14 June 2013

More on New Plays in the Nation’s Capital

“The Daring Double Act of Two D.C. Theaters”
by Nelson Pressley

[This article, which serves as a continuation of “‘How great plays are (eventually) made’” by Jessica Goldstein, another Washington Post article about mounting new plays in the District (posted on ROT on 5 May), was published in the “Arts” section of the Washington Post on 26 May 2013.]

Theatre J, Woolly Mammoth test models for getting plays onstage

Theaters keep rolling out new ways to premiere plays, and two fresh Washington initiatives are in full flower — or in full beast mode — right now. Theater J’s initiative, called Locally Grown, puts the company’s muscle behind Washington-based writers, while Woolly Mammoth Theatre Company’s Free the Beast program is raising $4 million to produce 25 new plays in the next 10 years.

The industry standard is to slap an untested play together with three weeks of rehearsals. Actress Kimberly Gilbert, who has been in two Locally Grown premieres at Theater J and is in her second Free the Beast show at Woolly, suggests that’s too much like an “experiment.”

“I-only-have-three-weeks-I-don’t-know-what-I’m-doing!” Gilbert says of the usual adrenalized, nerve-wracking process. “You’re forced to make huge choices that can be hit-or-miss.”

Typically, though, theaters can’t budget for more time.

“Look, we’re an underfunded field,” Woolly Mammoth artistic director Howard Shalwitz says of the labor-intensive theater business. “That’s just a given, and it’s not going to change any time soon.”

That’s why Woolly is raising major money and Theater J is putting in sweat equity in these very different new play efforts. The theaters’ leaders sat down separately to explain the whys and hows of their programs as Theater J readied “The Hampton Years,” Jacqueline Lawton’s real-life drama about a refugee Austrian art professor and African American artists John Biggers and Samella Lewis, and Woolly buffed its premiere of “Stupid F---ing Bird,” Aaron Posner’s freewheeling adaptation of Chekhov’s “The Seagull.”

Theater J, Locally Grown

WHY: Artistic director Ari Roth is a playwright himself, and Theater J has consistently pursued new and new-ish national and international works since his arrival 16 years ago.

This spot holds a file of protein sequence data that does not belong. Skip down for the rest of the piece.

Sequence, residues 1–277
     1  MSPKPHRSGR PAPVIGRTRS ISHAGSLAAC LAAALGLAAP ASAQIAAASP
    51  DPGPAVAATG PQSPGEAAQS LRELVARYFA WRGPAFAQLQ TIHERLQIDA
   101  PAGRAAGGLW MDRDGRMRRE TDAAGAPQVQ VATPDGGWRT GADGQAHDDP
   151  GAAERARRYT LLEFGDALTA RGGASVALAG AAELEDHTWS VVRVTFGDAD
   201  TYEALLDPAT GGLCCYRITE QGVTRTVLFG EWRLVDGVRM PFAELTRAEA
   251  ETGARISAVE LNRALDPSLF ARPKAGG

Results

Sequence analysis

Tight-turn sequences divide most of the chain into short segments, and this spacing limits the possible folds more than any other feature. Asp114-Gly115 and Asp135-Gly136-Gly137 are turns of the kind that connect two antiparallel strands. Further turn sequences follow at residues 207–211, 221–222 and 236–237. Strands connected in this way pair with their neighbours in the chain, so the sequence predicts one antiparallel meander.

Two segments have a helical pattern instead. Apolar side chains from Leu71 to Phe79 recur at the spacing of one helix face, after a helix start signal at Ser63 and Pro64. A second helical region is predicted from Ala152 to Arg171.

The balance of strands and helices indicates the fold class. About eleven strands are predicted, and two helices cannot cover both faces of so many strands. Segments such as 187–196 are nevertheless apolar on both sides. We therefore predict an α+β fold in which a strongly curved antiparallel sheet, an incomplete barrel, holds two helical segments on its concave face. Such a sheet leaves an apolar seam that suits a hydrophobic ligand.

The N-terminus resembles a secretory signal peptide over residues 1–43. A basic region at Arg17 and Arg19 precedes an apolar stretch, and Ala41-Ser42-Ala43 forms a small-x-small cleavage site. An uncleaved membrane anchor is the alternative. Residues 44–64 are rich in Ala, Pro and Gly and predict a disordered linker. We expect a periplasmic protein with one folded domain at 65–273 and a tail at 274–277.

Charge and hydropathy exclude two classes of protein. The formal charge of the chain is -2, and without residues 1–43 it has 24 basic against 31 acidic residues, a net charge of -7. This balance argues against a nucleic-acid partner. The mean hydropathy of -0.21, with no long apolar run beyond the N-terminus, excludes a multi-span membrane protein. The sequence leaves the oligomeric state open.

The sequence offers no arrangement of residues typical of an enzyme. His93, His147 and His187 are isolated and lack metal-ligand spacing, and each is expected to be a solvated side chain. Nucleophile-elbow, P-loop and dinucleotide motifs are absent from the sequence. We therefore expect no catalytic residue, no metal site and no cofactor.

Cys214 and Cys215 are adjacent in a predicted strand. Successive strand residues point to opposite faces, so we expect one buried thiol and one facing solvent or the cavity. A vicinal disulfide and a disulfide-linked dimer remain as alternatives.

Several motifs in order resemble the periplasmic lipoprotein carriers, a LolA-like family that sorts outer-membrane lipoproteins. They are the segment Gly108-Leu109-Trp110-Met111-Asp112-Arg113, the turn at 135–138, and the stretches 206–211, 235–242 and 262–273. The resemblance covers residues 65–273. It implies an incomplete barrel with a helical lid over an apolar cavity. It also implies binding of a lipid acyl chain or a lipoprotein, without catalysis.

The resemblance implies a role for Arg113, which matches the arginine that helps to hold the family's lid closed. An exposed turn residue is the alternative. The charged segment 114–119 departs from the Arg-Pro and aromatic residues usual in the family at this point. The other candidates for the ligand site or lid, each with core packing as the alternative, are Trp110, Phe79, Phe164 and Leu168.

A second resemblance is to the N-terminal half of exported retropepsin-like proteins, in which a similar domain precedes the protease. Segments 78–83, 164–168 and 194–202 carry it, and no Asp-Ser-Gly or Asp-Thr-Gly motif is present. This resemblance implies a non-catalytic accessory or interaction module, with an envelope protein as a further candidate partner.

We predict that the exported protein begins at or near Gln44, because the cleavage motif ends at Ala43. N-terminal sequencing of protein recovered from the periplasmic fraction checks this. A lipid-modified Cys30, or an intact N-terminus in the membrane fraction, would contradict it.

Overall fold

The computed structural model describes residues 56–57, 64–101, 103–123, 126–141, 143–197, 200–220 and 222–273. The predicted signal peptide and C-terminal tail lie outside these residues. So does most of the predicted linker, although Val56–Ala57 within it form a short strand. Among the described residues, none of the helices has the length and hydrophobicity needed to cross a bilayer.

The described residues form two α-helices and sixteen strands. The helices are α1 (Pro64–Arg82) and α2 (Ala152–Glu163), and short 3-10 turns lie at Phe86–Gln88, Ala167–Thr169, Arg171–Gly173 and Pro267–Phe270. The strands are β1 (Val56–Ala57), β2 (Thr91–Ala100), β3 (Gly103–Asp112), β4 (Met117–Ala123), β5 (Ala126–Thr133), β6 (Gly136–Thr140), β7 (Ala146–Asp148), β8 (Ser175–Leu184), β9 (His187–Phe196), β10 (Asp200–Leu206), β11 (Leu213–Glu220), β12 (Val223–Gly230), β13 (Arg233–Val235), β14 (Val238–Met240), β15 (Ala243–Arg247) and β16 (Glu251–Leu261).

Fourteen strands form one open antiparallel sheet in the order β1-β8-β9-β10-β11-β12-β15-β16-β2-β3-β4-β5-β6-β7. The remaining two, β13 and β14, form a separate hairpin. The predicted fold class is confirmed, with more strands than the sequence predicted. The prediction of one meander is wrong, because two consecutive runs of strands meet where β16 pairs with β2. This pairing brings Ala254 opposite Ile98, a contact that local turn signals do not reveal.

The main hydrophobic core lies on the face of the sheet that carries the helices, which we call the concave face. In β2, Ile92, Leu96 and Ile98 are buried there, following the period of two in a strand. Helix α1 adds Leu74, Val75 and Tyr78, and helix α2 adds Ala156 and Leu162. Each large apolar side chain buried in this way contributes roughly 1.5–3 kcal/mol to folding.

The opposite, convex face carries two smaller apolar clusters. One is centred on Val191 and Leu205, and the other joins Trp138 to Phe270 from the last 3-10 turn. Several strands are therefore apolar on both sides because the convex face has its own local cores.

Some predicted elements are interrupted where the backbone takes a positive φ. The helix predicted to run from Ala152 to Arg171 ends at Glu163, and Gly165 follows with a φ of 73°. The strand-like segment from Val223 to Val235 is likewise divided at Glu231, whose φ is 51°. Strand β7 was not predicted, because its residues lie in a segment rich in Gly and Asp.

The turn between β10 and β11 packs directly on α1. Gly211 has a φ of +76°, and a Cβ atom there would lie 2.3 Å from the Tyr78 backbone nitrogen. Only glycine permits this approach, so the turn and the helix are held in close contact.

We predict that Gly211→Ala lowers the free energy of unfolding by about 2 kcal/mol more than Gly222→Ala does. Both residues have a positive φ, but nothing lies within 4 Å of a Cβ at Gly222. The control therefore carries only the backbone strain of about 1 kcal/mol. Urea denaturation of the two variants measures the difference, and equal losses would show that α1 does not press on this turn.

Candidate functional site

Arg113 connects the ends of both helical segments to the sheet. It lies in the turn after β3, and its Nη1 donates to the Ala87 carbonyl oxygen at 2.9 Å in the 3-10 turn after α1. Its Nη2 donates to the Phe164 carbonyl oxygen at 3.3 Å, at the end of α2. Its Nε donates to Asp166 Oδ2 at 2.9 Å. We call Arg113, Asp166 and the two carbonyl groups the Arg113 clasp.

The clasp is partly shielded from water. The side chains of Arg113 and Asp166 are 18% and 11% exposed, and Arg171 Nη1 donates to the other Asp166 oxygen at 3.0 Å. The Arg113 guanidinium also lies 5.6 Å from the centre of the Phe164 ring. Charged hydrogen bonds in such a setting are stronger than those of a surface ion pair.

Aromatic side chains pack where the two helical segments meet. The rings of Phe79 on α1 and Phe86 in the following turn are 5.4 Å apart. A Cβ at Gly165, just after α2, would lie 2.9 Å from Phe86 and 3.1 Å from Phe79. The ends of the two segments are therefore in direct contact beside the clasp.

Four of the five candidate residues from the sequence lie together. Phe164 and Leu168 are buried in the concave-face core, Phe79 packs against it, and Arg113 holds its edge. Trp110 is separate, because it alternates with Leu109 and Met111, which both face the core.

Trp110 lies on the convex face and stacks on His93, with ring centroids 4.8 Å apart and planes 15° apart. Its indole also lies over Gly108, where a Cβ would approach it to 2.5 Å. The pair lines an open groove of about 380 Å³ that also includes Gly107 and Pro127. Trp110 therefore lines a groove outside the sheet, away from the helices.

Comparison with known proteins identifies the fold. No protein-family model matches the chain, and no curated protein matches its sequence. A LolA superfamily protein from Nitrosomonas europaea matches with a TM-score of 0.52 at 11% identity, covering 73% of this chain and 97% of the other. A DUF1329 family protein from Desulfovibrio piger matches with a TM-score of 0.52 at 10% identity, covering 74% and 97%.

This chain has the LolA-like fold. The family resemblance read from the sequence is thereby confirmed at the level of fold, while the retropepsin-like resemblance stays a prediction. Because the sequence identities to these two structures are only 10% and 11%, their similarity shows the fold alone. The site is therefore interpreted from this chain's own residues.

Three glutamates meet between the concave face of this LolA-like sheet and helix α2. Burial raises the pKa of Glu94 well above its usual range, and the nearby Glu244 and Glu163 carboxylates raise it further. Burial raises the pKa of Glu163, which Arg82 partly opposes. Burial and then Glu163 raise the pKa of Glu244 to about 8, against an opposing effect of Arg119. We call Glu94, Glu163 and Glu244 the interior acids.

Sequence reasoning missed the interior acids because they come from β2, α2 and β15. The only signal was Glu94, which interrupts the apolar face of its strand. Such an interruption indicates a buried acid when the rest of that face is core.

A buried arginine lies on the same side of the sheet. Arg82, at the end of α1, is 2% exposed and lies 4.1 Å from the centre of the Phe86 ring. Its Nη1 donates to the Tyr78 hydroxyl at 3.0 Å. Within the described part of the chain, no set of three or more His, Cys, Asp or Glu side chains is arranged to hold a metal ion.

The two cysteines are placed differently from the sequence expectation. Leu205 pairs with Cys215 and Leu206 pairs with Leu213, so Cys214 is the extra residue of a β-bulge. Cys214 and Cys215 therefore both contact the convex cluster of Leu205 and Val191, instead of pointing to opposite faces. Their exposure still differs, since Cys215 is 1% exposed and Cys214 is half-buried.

But for years a lot of out-of-town guest writers stayed at a local hotel that offered Theater J a sweetheart deal of $25 a night, which amounted to tens of thousands of dollars in underwriting. That deal fell through in 2008.

At the same time, the company has stretched itself financially and logistically with its ambitious Voices From a Changing Middle East series showcasing international works.

“Who said we have to be hosts all the time?” Roth asks.

Associate artistic director Shirley Serotsky adds that the “locavore” food movement came up during a new play conference at Arena Stage in 2011, and the notion of applying it to art clicked. The Locally Grown program launched last season with Renee Calarco’s “The Religion Thing”; this spring, Roth’s “Andy and the Shadows” and now “The Hampton Years” (beginning Wednesday) have reached the stage.

HOW: Serotsky and Roth count 14 writers in the fold at the moment, with works in various stages of development. The festival of public readings is currently in bloom; plays by Allyson Currin, Liz Maestri and Randy Baker have been heard, with scripts by D.W. Gregory and Malcolm Pellas to come. Longtime D.C. writers Norman Allen and Ernie Joselovitz are also testing projects in Theater J’s newly fertile soil.

Roth likens this to spreading seeds widely: “That’s what we’re here to do right now, is add to the terrain. The great art will come when the great art takes root. You don’t know where the genius child is coming from.”

Serotsky, who is directing “The Hampton Years,” observes that theaters across the country are phasing out the inefficient and frustrating old submissions model, with scripts from everywhere uselessly piling up over the transom.

Locally Grown aims to be better at fostering ongoing artistic relationships. As Gilbert says, “I’ve been having an awesome time creating these characters with my neighbors.”

Woolly Mammoth, Free the Beast

WHY: “It’s really simple,” Shalwitz says. “Free the Beast is just a way of buying artists time.”

In part, this counters what Shalwitz has called the widespread “assembly line” habit of producing. But there is an in-house issue, too.

Woolly was defined in the 1980s by its daring actors; beginning in the 1990s, the focus began to shift toward playwrights. Shalwitz says that created a tension he hopes can be partly reconciled by commissioning writers and getting them to work more closely with the Woolly company.

The $4 million figure is based on an extra 10 percent of the season’s annual $4 million budget, spread over 10 years. Woolly has pulled in $2.4 million so far, and the target is to finish the fundraising by the end of summer.

That money is designed as a lockbox guarding against the perils of season-by-season budgeting, which routinely finds troupes axing “luxuries” like longer rehearsal time. Funding more workshops means more creative time with designers and even actors who, ideally, are brought inside the process early.

“You are not just supporting a playwright,” Shalwitz explains. “You are supporting a team of artists who are working with a playwright on a new project. That to me is what will make Free the Beast successful, if it bridges those gaps.”

HOW: Posner has adapted such works as “The Chosen” and “My Name is Asher Lev,” but he is perhaps better known as a busy director (e.g., the just-closed “The Last Five Years” at Signature Theatre, lots of award-winning Shakespeare productions for the Folger Theatre). He was offered a commission to complete his riff on “The Seagull” after nervously showing Shalwitz a half-done draft.